Conservation Job Corp Wraps Up for 2019

By August 28, 2019News

The Conservation Jobs Corps (CJC) is a new program built off the successful Maryland Conservation Corps (MCC). After years of seeing the benefits that MCC provides to young adults and the natural resources they protect and restore, the Maryland Department of Natural Resources expanded the program to include a younger age group. By partnering with community organizations, teens and young adults are able to work alongside natural resource staff to conserve Maryland’s natural landscapes.

The C&O Canal Trust, in partnership with Montgomery County Recreation’s TeenWorks, was able to utilize this program this summer to complete some necessary park maintenance. With the Park staff spread thin over the 184.5 mile-long park, extra hands can be helpful to complete projects and keep the Park grounds safe for visitors. The students were exposed to many different situations during the three months they worked at the Park, the most memorable of which was the flooding at Great Falls in July. While this was not a scheduled work task, it created an excellent learning opportunity. Ben Bender, CJC Coordinator for the Trust, taught them about why the flooding took place and how it can impact an ecosystem.

 

 

He explained that with major rain events, like the one that had occurred the previous night, runoff from impervious surfaces, like parking lots and paved roads, quickly fill and overflow streams. This deluge of water erodes the banks and brings down trees caught in the rushing water. Logs and branches clog drainage tunnels, along with debris such as trash and mud. When these tunnels become blocked, water and debris spill over and run downhill towards a larger body of water. In this case, the flooding occurred over the Great Falls Tavern parking lot as it rushed towards the Potomac River. The CJC crew was tasked with safely clearing the blockages to allow water to drain, removing the layer of mud that had accumulated on the hard surfaces and cleaning up trash that had washed into the area. Although this project may not have been the most exciting one they had a chance to work on, being able to learn about this process hands -on made an impact on at least one student. At their graduation ceremony, one student mentioned that although the work was difficult, this was her favorite project of the summer.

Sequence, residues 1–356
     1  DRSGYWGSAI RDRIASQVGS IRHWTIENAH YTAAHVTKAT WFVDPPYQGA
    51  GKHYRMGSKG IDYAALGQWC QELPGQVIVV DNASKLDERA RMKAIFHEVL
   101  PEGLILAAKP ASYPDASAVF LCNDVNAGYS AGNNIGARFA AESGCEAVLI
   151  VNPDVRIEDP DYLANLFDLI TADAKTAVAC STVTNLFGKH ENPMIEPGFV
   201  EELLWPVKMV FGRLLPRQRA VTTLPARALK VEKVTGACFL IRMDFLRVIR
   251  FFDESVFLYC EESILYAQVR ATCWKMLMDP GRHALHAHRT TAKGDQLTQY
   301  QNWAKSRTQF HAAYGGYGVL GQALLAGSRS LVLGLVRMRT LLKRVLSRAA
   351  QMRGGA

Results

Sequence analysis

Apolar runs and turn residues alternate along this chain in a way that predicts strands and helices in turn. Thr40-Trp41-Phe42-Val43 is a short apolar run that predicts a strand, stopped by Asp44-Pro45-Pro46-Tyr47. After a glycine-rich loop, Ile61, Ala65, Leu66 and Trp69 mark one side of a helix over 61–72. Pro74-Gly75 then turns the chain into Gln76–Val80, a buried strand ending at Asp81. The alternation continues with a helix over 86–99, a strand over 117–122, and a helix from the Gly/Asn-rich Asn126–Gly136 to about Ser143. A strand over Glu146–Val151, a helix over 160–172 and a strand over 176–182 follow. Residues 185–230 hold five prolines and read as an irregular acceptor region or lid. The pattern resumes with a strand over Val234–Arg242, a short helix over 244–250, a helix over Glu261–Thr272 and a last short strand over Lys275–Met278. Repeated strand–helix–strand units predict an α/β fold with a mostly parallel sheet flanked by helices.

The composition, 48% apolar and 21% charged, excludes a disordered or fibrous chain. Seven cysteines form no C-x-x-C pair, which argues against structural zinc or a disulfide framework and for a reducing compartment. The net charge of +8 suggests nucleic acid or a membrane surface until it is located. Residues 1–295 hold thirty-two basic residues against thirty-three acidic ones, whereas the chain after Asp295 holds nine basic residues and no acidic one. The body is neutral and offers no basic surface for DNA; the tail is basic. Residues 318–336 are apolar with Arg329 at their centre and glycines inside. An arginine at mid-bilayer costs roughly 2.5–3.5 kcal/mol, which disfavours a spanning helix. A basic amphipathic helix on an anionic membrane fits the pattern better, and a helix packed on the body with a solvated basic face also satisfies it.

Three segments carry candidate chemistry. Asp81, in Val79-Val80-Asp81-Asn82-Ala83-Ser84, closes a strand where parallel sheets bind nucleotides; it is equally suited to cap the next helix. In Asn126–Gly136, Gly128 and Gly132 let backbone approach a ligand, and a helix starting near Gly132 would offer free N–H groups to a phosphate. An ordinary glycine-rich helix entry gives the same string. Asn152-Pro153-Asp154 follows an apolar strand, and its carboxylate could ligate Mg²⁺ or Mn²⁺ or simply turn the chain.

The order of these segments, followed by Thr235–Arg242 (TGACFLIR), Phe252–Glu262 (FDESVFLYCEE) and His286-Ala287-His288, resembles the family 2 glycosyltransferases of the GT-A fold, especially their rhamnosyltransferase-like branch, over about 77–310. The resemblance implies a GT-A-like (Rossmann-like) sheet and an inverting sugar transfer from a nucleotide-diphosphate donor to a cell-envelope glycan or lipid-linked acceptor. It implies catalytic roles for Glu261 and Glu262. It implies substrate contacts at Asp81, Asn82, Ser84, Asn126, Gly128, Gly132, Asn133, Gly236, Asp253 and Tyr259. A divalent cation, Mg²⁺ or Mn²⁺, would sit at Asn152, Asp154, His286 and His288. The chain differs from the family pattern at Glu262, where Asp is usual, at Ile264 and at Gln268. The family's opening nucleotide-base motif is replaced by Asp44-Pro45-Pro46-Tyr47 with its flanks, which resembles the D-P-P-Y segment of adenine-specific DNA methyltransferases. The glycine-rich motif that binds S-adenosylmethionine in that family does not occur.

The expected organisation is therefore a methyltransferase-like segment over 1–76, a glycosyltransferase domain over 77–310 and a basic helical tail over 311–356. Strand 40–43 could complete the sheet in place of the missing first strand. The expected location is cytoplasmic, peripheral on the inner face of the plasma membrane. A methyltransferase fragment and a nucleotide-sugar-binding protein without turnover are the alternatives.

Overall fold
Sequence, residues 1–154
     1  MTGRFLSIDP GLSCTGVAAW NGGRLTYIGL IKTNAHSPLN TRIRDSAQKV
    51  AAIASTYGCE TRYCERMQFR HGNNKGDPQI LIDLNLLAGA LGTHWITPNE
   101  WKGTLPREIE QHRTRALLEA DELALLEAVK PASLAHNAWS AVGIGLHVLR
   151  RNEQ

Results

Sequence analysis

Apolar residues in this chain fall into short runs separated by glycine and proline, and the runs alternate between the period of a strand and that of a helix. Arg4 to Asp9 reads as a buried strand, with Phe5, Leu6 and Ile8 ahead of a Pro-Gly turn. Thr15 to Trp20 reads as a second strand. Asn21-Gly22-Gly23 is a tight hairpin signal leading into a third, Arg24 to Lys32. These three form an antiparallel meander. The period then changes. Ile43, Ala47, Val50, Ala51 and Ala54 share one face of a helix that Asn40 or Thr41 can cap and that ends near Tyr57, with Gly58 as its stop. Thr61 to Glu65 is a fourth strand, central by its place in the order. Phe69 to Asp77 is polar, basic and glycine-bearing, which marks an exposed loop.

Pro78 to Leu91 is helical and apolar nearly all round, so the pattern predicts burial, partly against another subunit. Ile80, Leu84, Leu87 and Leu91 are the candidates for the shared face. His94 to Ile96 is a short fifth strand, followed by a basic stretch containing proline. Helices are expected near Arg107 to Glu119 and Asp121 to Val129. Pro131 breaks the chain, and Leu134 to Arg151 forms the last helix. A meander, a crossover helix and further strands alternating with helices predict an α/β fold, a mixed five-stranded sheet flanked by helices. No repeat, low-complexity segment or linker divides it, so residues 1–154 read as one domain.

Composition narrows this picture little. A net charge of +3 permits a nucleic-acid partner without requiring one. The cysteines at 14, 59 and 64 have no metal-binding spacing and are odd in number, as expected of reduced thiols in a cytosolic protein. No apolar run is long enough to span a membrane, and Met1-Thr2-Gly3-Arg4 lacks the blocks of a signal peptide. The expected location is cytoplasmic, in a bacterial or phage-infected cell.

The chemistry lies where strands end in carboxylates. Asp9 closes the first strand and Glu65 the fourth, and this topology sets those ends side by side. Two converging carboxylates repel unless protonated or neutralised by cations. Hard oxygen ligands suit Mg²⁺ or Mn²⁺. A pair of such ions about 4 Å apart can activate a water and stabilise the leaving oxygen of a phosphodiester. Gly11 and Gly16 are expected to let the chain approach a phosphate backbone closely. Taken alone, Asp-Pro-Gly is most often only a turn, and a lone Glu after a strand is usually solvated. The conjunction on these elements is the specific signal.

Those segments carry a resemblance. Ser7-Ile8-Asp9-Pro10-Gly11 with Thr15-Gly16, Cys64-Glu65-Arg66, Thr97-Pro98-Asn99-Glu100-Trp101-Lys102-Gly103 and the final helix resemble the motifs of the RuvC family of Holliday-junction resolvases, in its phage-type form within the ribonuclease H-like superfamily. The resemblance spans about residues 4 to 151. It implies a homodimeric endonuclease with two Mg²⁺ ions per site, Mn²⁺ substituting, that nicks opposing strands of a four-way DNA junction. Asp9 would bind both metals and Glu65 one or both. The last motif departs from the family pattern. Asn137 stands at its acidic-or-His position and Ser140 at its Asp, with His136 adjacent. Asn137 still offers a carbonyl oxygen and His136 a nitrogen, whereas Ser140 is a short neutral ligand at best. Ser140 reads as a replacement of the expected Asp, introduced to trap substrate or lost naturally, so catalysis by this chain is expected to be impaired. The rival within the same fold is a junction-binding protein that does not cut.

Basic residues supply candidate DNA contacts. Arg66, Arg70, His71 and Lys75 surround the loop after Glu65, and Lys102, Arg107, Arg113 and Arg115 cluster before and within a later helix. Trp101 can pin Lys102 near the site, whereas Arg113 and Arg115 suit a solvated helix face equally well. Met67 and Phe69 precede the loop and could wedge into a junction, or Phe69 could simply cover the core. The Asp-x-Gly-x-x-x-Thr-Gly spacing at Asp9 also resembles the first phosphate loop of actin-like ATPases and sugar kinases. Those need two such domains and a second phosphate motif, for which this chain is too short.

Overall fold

Besides making great strides on projects that benefit the Park, such as flood debris cleanup, graffiti removal, and vegetation removal, the CJC crews are exposed to Maryland’s natural resources and the program allowed them to explore the numerous career opportunities available to them within the National Park Service, and more widely, the field of natural resources. Most importantly, however, the crew was shown the beauty and importance of our natural landscapes and they were introduced to recreation, as well as career opportunities the National Park Service has to offer.